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Available for both right- and left-handed users, this also boasts a 12-30-inch draw length range and shoots up to 315 fps. The added grip makes this easy to hold, and it has a comfortable feel. Includes a sight, quiver, stabilizer, and more.
Some buyers noted the peep sight was difficult to adjust and wasn’t always accurate when shooting.
Ambidextrous handle works well for both left- and right-handed archers. Lightweight pick, so it doesn't require too much strength to shoot. Soft grip allows for comfortable maneuverability. The package also includes targets and carrying bag
May not be the best choice for more experienced archers.
Draw length of 28 inches and features perks like pre-installed brass bushings and an arrow rest. It is available for both right- and left-handed users. Limbs are interchangeable and can be switched out if needed.
Some reports of the string being too loose and the arrow rest a bit flimsy.
Customize the draw weight and length with this option. Available for left-handed or right-handed users, as well as in a selection of colors. Purposefully integrates features such as a rotating axle, quiver base and cap, and stabilizers for clean shooting.
Some problems with the longevity of the device.
Easily adjust the draw weight and draw length of this no-press bow with an Allen wrench. The draw weight can be as low as 5 pounds, making this bow easy for new archers to use. Carry 5 arrows at a time in the quiver. Launches arrows at speeds up to 290 fps.
Parents praise this bow, but say that it can benefit from getting a professional set-up before use.
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According to archeologists, humans have used bows for defense and hunting for over 70,000 years! These days, the military may no longer use archery (it is still taught for survival), but it remains hugely popular for target shooting, hunting, and fishing.
The choice of archery bows is staggering. The general types of traditional, recurve, and compound bows can be subdivided in several ways, and within each section, there are hundreds of variations in terms of performance and price. Choosing a bow — particularly if you’re new to archery — can be confusing, to say the least.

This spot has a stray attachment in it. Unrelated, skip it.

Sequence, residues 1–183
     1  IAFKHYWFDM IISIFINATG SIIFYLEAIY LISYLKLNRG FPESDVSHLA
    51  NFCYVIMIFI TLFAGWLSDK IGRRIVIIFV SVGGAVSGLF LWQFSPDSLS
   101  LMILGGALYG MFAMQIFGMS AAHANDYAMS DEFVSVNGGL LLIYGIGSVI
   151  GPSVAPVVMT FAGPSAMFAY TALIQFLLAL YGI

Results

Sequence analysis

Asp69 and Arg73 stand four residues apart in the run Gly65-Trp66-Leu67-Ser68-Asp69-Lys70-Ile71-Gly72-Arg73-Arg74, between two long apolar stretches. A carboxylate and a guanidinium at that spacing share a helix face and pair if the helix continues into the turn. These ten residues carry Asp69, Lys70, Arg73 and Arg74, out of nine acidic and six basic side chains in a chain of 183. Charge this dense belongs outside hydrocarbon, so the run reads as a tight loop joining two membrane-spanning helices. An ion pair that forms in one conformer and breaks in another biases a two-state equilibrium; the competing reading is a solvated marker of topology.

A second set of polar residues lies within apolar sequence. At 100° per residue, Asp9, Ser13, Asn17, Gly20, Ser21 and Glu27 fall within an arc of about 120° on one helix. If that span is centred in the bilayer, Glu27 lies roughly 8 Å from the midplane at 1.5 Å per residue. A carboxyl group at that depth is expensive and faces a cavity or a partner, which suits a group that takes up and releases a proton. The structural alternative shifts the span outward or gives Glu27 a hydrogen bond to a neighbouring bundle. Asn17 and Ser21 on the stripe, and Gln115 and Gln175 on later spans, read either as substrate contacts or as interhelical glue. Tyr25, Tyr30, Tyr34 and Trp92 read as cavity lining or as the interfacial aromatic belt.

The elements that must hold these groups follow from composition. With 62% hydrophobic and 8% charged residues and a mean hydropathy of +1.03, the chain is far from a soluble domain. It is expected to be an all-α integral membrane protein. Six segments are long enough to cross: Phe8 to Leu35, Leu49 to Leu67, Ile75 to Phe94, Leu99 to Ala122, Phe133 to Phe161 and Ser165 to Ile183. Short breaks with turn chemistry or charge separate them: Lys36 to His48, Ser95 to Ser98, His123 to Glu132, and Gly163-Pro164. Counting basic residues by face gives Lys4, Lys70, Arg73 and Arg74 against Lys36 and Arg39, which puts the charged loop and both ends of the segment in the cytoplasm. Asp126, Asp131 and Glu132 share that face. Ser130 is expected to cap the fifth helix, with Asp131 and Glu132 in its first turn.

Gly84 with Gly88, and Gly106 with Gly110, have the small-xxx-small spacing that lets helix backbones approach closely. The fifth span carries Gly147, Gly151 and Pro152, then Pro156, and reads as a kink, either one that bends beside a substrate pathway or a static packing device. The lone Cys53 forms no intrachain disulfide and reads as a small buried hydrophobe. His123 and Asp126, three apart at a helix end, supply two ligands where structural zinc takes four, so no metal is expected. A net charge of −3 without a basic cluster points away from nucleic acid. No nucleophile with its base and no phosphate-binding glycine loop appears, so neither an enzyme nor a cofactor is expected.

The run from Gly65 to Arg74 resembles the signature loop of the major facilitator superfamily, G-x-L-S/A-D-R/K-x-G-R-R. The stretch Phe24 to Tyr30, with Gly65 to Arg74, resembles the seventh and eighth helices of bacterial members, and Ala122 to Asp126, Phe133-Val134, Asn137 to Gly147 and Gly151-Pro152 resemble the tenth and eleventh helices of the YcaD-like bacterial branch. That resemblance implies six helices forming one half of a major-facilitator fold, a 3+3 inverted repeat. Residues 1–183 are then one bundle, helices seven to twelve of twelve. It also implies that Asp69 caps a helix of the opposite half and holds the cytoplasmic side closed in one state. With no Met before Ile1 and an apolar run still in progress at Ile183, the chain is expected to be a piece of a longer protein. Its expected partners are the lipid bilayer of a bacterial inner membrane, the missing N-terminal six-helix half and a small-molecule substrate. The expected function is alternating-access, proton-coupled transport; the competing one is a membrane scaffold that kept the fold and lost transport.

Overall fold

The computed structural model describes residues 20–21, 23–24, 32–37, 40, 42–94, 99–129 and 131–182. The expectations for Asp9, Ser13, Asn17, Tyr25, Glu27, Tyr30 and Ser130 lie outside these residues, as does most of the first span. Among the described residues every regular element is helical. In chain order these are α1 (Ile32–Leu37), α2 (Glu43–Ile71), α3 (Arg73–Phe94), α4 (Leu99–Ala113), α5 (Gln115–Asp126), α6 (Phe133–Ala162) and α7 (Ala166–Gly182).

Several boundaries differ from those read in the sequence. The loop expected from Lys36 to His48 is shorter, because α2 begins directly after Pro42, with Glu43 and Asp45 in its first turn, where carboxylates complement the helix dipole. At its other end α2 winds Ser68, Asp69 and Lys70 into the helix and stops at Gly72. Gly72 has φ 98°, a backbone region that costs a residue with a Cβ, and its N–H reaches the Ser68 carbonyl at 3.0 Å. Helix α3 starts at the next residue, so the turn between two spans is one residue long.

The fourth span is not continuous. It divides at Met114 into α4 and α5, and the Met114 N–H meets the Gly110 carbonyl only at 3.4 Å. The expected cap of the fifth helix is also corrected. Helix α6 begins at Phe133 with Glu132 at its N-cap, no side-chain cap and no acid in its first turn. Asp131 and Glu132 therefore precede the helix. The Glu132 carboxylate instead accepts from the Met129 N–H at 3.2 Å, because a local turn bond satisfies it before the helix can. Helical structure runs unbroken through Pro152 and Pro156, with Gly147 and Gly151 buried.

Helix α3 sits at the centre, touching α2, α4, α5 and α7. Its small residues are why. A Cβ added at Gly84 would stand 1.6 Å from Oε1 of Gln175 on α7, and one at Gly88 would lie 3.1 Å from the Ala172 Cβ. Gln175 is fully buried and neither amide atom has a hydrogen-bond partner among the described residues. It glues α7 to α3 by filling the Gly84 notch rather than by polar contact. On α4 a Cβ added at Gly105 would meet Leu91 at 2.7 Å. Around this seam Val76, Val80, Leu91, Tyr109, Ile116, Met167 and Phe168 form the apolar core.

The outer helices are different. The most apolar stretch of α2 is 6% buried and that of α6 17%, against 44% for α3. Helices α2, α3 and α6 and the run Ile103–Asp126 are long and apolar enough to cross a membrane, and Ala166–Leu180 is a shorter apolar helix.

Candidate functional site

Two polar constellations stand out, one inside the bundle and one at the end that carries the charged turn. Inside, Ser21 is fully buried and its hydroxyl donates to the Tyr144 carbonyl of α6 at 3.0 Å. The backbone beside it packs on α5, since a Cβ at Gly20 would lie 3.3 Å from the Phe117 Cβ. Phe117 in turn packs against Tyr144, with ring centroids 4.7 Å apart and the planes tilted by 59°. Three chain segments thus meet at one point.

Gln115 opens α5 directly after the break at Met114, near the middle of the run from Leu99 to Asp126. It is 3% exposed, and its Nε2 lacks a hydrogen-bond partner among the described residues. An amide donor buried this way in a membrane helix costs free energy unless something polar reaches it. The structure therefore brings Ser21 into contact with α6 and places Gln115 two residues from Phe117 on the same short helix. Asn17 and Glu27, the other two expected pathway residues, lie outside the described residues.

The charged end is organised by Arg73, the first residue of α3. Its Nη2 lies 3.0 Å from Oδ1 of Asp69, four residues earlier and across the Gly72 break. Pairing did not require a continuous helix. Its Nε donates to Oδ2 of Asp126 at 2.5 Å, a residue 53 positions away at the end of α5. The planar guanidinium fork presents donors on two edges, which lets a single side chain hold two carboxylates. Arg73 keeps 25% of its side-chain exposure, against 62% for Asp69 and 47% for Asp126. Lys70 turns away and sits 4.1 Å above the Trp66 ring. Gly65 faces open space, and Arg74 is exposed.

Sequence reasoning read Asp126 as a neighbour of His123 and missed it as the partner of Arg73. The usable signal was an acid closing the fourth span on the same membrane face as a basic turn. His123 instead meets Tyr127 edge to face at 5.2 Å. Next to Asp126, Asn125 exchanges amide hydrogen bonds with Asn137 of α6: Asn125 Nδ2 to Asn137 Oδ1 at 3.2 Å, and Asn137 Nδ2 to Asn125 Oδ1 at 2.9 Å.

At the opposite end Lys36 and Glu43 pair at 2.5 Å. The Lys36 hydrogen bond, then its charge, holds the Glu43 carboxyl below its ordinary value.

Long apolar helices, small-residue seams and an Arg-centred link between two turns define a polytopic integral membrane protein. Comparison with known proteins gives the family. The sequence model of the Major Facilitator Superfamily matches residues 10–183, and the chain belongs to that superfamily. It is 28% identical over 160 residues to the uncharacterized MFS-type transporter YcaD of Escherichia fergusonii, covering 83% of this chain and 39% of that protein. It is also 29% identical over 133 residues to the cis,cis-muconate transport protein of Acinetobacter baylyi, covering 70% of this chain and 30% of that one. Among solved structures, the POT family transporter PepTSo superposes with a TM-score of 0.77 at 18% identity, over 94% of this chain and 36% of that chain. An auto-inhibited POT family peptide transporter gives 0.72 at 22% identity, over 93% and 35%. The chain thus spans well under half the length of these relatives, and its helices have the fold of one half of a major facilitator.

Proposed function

There are three main types of archery bow: traditional, recurve, and compound.
Traditional bows: These range from horn bows, which date back to the Egyptian pharaohs, to English medieval longbows, which historically were made from a single piece of wood and the same height as the owner, to Native American horse bows, which, depending on the tribe, were made of wood, sinew, and bone. A few skilled artisans still produce faithful copies of the originals, and numerous modern versions are available. Many archers like to try them for that authentic experience, but outside of historians, reenactment groups, and back-to-basics enthusiasts, they aren’t particularly popular. Modern versions are simply easier to use and maintain.
Recurve bows: These can be considered the first major development in the traditional bow. Though some use wood, most take advantage of metal alloys and modern laminating techniques. Recurve bows can be quite uncomplicated. They are smaller and lighter than compound bows, so they’re easier to carry. However, they require more physical strength to draw and hold on to a target and have less range. For some people, that’s a challenge they enjoy; others want things to be easier.
Takedown bows: These are a type of recurve bow that is very popular because the limbs (the parts that curve away from the riser, or grip) can be detached, making it much more compact for storage and easier to take from place to place.
Compound bows: These have a complex cable-and-pulley system that maximizes your power. Balance weights help take muscle movement out of the equation, thus increasing accuracy. The range can be as much as twice that of a recurve — it depends on your skill level — but they can be accurate at 60 or 70 yards. However, compound bows are considerably heavier and more complicated, which equates to higher prices and more maintenance.
Target shooting: Any bow can be used for target shooting. Power isn’t particularly important: the targets don’t move and are set at an acceptable range for a particular kind of bow. All types are used at a competitive level and participating in a local archery club can be a lot of fun.
Hunting: If you want to hunt, your choice will largely depend on the type of game and the style of hunting you prefer.
Don’t leave a longbow or recurve bow strung if you’re not using it. Constant tension will shorten the life of the bow and the bowstring.